Utah Elementary School Throws Out Kids' Lunches in Front of Them Because of Parents' Debt

Parents call the move, "traumatic and humiliating."

Photo Credit: Mike Flippo/

A reported 40 kids at the Uintah Elementary School in Salt Lake City Utah picked up their lunches on Tuesday, only to then watch as their meals were taken and thrown away because of outstanding balances on their school accounts.

Jason Olson, a Salt Lake City District spokesman, said that the school district’s child-nutrition department had become aware for some time that Uintah Elementary had a large number of students who had outstanding payments due for the school’s lunch program.

However the school’s cafeteria was unable to see which students owed money to the program until after they had already been given their lunches, meaning that the students had their lunches taken from them after-the-fact, and then thrown away as part of the program’s rule that once food has been served to one student, it can’t be served to another.

“It was pretty traumatic and humiliating,” Erica Lukes told the Salt Lake Tribune. Her 11-year-old daughter stood in line and had her lunch taken away in the middle of the cafeteria.

According to Lukes, she had never been notified of any outstanding payments for her school lunch program, and was, to her knowledge, fully paid up. Her child—one of the reported 40 children—was given just milk and fruit after having her lunch thrown in the trash.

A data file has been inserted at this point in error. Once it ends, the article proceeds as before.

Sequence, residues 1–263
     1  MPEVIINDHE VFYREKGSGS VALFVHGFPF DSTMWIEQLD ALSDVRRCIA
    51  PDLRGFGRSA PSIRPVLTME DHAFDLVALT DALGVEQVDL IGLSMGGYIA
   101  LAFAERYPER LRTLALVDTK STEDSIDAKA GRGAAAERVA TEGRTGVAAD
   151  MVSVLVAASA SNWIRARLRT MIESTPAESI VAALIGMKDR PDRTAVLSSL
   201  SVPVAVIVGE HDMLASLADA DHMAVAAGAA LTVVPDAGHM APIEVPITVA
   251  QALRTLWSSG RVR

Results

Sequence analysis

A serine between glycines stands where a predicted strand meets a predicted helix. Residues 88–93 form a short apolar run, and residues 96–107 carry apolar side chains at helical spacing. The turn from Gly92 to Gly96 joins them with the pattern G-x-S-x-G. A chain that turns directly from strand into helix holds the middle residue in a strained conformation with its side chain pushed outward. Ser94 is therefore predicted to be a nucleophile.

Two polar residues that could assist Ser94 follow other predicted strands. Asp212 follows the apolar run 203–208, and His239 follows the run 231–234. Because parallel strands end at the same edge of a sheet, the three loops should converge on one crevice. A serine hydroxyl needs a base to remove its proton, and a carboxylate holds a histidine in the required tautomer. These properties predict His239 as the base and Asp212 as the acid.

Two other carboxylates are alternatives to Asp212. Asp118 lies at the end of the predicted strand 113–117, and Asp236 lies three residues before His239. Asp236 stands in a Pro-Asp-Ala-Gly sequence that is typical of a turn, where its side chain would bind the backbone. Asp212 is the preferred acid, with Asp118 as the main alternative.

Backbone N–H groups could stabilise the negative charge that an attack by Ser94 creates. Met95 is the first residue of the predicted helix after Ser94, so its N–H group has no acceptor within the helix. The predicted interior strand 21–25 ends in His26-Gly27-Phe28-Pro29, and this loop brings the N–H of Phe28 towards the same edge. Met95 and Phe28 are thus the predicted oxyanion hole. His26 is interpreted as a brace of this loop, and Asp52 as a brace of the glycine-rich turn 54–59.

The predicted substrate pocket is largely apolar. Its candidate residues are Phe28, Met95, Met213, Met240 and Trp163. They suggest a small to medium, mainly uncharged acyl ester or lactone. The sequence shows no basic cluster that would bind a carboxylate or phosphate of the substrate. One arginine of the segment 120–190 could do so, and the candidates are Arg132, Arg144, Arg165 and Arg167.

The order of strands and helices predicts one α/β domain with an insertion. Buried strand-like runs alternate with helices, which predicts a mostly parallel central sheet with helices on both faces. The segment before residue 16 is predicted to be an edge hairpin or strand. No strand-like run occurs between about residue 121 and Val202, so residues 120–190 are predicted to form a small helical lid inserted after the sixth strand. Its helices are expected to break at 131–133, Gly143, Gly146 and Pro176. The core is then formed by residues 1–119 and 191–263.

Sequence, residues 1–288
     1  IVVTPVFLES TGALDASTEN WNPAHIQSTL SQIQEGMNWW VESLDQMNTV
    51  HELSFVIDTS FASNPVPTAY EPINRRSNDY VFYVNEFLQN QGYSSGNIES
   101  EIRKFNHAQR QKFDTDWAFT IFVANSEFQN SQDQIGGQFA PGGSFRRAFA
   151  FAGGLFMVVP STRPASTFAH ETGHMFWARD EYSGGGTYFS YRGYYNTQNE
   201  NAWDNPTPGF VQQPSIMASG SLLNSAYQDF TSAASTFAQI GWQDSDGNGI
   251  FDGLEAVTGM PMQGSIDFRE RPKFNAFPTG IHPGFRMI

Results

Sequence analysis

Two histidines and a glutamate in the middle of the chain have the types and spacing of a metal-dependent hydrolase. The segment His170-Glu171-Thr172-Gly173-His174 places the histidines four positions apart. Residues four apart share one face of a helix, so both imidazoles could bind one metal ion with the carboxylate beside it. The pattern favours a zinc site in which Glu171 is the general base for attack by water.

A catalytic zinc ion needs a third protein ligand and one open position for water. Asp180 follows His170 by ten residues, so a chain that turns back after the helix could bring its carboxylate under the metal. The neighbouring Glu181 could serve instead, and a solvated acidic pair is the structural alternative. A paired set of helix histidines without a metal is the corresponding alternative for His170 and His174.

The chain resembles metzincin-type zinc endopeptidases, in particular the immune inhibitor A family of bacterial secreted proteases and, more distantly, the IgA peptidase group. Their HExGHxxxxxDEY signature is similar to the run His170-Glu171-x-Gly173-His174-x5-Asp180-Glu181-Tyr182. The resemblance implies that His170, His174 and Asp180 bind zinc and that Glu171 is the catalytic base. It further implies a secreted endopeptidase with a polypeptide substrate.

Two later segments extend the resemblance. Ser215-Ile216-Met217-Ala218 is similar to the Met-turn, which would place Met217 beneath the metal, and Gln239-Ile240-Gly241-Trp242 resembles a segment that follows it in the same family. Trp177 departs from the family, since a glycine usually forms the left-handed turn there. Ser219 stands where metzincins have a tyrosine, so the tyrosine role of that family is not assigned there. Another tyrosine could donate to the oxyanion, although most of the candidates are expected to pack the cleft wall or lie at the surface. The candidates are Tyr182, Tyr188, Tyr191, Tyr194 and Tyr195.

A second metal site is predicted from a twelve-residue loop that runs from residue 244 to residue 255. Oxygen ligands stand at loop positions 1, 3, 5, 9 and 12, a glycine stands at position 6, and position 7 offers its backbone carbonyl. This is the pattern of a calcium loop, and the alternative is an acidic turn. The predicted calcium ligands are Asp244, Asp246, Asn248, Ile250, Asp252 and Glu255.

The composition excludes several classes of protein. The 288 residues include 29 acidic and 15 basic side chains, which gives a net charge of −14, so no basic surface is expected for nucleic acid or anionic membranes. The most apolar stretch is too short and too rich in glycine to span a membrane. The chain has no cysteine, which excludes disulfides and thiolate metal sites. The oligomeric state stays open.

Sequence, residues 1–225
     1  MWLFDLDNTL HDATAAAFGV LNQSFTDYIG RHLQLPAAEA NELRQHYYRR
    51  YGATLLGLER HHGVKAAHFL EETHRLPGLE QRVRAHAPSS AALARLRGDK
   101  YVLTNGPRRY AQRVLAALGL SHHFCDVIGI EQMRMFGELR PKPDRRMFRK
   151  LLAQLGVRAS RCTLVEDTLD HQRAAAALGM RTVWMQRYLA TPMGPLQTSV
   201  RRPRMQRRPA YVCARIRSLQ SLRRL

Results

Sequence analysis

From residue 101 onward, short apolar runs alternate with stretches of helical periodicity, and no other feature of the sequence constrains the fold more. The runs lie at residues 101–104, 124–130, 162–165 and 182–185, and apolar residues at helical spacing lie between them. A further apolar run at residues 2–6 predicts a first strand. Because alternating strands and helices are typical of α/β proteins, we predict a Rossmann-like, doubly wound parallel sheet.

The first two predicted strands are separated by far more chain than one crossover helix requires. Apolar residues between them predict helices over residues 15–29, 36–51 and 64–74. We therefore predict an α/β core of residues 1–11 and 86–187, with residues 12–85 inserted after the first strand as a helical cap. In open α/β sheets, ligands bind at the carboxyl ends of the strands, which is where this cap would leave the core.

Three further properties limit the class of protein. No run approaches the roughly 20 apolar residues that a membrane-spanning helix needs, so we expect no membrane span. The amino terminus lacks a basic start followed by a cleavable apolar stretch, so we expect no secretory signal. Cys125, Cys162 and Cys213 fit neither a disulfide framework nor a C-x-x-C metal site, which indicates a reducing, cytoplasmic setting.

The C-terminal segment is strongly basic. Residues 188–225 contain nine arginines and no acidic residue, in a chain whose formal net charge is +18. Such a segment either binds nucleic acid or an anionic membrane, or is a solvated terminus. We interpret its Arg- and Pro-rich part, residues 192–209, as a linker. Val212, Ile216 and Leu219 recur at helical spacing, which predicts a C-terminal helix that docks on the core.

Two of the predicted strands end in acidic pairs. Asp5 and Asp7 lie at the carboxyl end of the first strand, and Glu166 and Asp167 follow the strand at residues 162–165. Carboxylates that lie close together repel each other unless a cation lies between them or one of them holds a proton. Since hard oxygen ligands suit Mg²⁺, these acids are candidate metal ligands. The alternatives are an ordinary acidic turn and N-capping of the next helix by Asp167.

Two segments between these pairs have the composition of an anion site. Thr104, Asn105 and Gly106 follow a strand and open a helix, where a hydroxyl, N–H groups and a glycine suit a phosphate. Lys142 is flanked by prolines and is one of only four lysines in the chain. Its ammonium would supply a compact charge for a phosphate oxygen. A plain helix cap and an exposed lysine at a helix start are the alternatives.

“I think it’s despicable,” she said to the Christian Science Monitor. “These are young children that shouldn’t be punished or humiliated for something the parents obviously need to clear up.” 

According to Jason Olson, a Salt Lake City District spokesman, school officials said that their staff members typically send home notifications each week, and also notify students about any balances as they go through the lunch line.

While the district attempted to contact parents regarding outstanding balances by phone, Olson said that they were not able to reach them before the child-nutrition manager enacted the take-and-toss rule.

“Something’s not working, and that’s what the school and child-nutrition department are going to work on together,” Olsen said regarding the timetable of payment notifications.

However, when pressed, Olsen refused to consider the tactic of taking their lunches as payment leverage a mistake.

“If students were humiliated and upset, that’s very unfortunate and not what we waned to happen,” he said.

In an updated statement since the blowback reached fever pitch, Olsen spoke on behalf of the child nutrition organization’s ethos, stating that they “understand the feels of upset parents and students who say this was an embarrassing and humiliating situation. We again apologize and commit to working with parents in rectifying this situation and to ensuring students are never treated in this manner again.

According to Olsen, there are no plans at this time to enact the same tactic at other schools in the district.

Rod Bastanmehr is a freelance writer in New York City. Follow him on Twitter @rodb.

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